phi = -arccs(c_2,s_2)/2             // determine required rotation-angle phi
t1 = rotsp(einh(n),x,y,cos(phi),sin(phi)) // create rotation-matrix
//    for one x/y plane-rotation
m2 = t1' * m1 * t1                    // do similarity-rotation
t = t*t1                              // append current rotation to accumulator
macroend

macrodef init
set randomstart=41
m = (randomu(n,n,-10,10))  // create some randommatrix of size n x n
t = einh(n)   // rotation-matrix, accumulates all rotations while iterating
dg = diag(m) '  // get the diag of the initial matrix
protocol = dg   // initialize some protocol for the documentation of the
// diagonal elements
macroend

macrodef run  // pairwise rotations over all pairs of coordinates
x,y = v(iminzl(dg)), v(imaxzl(dg))  // store indexes of smallest and largest
// diagonal-element into x and y-"coordinates"
macroexec rotpair                   // do rotation
dg = diag(m2) '
protocol = {protocol,  dg}     // append current diagonal to protocol
macroend


 // commands in dialog:
n=5  // use matrix-size n=5
macroexec init

macroexec run    // repeat this until convergence

// commands in dialog:
n=10  // use matrix-size n=10
macroexec init

macroexec run   // repeat this until convergence


Results

 // result: (n=5 size=5x5)
-4.2684,  7.7193,  3.0452, -0.8330, -9.9136
-4.2684, -1.0972,  3.0452, -0.8330, -1.0972
-0.6116, -1.0972, -0.6116, -0.8330, -1.0972
-0.6116, -0.8544, -0.8544, -0.8330, -1.0972
-0.8544, -0.8544, -0.8544, -0.8330, -0.8544
-0.8544, -0.8437, -0.8544, -0.8437, -0.8544
-0.8544, -0.8490, -0.8544, -0.8437, -0.8490
-0.8490, -0.8490, -0.8544, -0.8490, -0.8490
-0.8490, -0.8490, -0.8517, -0.8490, -0.8517
-0.8490, -0.8490, -0.8504, -0.8504, -0.8517
-0.8504, -0.8490, -0.8504, -0.8504, -0.8504
-0.8504, -0.8497, -0.8504, -0.8497, -0.8504
-0.8504, -0.8497, -0.8504, -0.8500, -0.8500
-0.8500, -0.8500, -0.8504, -0.8500, -0.8500
-0.8500, -0.8500, -0.8502, -0.8500, -0.8502
-0.8501, -0.8500, -0.8501, -0.8500, -0.8502
-0.8501, -0.8501, -0.8501, -0.8500, -0.8501
-0.8501, -0.8501, -0.8501, -0.8501, -0.8501

// result: (n=10 size=10x10, 40 iterations)
-4.2684,  8.0316,  7.0596, -6.1777,  3.5646, -6.5801,  9.0093,  5.8538,  2.9013, -9.6980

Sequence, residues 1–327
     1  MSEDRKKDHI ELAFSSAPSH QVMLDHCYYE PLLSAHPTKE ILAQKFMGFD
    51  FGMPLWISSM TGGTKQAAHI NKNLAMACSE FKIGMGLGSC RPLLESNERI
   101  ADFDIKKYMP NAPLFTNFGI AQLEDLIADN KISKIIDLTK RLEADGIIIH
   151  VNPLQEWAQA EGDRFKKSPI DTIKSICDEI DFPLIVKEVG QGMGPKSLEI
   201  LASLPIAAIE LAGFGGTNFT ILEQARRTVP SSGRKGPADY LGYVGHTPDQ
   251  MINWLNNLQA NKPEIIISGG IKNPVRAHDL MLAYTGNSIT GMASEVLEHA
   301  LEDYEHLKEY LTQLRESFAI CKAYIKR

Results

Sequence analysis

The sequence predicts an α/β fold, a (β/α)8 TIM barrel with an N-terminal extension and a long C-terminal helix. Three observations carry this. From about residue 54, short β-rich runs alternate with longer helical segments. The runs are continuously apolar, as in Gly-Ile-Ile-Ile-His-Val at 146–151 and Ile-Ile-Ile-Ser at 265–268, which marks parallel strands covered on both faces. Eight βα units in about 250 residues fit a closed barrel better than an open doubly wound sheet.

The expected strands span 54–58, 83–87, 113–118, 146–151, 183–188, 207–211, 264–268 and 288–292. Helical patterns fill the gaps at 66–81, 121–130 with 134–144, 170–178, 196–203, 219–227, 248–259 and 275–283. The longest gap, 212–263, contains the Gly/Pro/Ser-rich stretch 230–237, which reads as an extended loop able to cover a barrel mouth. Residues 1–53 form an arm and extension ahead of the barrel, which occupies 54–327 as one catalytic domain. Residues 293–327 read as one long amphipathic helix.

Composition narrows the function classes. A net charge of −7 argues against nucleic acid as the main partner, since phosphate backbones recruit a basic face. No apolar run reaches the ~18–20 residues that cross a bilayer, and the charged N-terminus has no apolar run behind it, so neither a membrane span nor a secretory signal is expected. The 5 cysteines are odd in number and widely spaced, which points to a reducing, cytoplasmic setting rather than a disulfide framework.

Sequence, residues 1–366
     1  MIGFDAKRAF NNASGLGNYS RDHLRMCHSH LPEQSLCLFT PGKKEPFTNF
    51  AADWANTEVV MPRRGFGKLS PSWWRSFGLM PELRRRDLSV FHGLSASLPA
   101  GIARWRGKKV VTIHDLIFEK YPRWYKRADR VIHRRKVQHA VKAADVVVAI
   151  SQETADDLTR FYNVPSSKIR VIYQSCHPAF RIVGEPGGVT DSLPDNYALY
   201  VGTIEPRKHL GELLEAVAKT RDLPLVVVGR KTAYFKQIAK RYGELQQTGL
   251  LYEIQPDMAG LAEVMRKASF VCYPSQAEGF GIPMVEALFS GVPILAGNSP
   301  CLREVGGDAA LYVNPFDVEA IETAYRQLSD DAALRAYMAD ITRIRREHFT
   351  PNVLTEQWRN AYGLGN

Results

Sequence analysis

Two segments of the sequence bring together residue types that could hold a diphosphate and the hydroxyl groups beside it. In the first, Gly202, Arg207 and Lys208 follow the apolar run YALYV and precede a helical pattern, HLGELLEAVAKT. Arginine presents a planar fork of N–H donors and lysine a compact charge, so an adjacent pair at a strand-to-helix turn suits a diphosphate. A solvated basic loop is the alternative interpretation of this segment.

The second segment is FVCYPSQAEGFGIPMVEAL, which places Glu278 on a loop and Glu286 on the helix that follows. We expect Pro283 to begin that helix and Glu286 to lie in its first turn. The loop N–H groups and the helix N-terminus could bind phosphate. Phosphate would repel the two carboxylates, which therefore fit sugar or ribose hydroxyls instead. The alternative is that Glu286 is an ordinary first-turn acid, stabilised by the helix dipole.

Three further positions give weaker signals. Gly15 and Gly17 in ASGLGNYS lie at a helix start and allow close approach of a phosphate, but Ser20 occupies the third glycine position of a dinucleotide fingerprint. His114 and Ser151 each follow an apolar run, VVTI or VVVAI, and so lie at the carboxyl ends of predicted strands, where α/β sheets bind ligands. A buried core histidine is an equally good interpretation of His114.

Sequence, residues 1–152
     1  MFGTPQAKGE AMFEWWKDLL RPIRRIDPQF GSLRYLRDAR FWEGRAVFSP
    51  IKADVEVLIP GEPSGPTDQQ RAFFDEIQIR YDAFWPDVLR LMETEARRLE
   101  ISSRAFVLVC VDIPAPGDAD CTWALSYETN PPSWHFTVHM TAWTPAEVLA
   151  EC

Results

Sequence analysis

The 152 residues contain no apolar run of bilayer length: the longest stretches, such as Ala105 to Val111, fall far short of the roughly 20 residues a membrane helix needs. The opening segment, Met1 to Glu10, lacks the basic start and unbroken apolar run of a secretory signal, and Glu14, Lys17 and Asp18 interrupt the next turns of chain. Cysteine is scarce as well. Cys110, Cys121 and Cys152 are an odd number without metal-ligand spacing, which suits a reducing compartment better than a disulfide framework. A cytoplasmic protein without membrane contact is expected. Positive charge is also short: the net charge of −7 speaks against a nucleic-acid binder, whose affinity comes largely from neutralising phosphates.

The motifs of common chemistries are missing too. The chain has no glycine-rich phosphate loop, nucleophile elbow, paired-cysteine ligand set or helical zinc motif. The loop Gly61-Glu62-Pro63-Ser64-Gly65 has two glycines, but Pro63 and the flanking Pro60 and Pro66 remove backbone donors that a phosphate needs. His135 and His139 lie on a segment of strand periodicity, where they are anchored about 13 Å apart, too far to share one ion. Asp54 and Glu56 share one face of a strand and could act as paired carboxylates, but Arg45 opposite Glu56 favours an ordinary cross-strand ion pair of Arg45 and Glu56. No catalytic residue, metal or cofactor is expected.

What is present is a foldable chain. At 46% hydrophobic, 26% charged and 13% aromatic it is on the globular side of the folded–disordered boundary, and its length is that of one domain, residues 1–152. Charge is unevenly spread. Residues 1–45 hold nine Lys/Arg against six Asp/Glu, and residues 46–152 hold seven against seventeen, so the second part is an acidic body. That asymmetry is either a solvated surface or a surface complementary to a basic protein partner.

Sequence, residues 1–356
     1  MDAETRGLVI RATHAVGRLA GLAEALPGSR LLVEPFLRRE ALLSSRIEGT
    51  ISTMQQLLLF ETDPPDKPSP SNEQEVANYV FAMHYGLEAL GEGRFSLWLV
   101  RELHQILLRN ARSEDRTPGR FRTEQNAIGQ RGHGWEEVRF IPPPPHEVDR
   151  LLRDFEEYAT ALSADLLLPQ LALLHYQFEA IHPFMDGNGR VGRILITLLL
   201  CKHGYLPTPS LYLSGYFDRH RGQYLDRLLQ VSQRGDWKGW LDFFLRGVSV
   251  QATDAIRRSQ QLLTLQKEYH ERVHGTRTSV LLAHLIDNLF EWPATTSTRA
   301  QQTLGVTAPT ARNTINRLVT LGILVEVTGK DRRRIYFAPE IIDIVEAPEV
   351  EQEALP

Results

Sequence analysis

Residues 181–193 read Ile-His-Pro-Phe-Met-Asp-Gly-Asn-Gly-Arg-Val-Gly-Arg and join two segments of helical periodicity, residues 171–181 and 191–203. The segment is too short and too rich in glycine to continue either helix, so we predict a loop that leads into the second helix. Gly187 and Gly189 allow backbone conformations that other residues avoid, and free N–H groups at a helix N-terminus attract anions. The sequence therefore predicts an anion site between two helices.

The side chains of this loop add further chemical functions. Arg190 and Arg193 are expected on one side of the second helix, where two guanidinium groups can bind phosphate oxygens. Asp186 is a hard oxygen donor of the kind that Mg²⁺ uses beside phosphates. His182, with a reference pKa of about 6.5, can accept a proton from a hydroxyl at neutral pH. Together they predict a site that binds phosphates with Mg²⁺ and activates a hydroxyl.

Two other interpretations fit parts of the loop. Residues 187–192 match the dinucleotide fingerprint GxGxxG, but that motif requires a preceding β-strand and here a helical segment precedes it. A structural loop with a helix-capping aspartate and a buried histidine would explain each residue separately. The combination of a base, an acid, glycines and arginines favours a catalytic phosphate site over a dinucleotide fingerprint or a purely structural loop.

-4.2684,  8.0316,  7.0596, -6.1777,  3.5646, -6.5801, -0.3444,  5.8538,  2.9013, -0.3444
-4.2684,  0.7257,  7.0596, -6.1777,  3.5646,  0.7257, -0.3444,  5.8538,  2.9013, -0.3444
-4.2684,  0.7257,  0.4410,  0.4410,  3.5646,  0.7257, -0.3444,  5.8538,  2.9013, -0.3444
...
...
0.9696,  0.9696,  0.9695,  0.9696,  0.9695,  0.9698,  0.9695,  0.9696,  0.9696,  0.9696
0.9696,  0.9696,  0.9696,  0.9696,  0.9695,  0.9696,  0.9695,  0.9696,  0.9696,  0.9696
0.9696,  0.9696,  0.9696,  0.9696,  0.9695,  0.9696,  0.9695,  0.9696,  0.9696,  0.9695
0.9696,  0.9696,  0.9696,  0.9696,  0.9695,  0.9695,  0.9695,  0.9696,  0.9696,  0.9695


[Update 2]:[obsolete, I found a better solution] I tried the same routine simply using n=10 instead of n=5, and with the same initializing of the randomnumber generator, so the solution should be reproducable. Unfortunately the iteration seems to run into a local minimum, such that the process converges to a non-equal solution. Here is the result near the limit:

// result
...
1.6419, 1.6419, 1.6419, 1.6419, 1.6419,-6.5801, 9.0093, 5.8538, 2.9013,-9.6980

• I think the bottom right block should have a minus in front of $(a-d)r_2$, yielding the requirement $(b+c)s_2-(a-d)r_2=0$ and therefore $\tan(2x)=\frac{a-d}{b+c}$. I think that answer was also posted as a comment on my question but has been deleted since. By allowing $x\in\mathbb C$ there's probably no reason why this is not valid in general (apart from the usual $\tan^{-1}$ ambiguity). So you basically solved the 2x2 case, thanks! – Tobias Kienzler Oct 13 '11 at 11:24
• In the second-to-last step you use $2r^2=r^2+(1-s^2)=1+r_2$ and $2s^2=s^2+(1-c^2)=1-r_2$. In the top left block, there's $ar^2$ and $ds^2$, but in the bottom right one it's $as^2$ and $dr^2$, swapping the order of $(a-d)$ and yielding that missing sign – Tobias Kienzler Oct 13 '11 at 11:49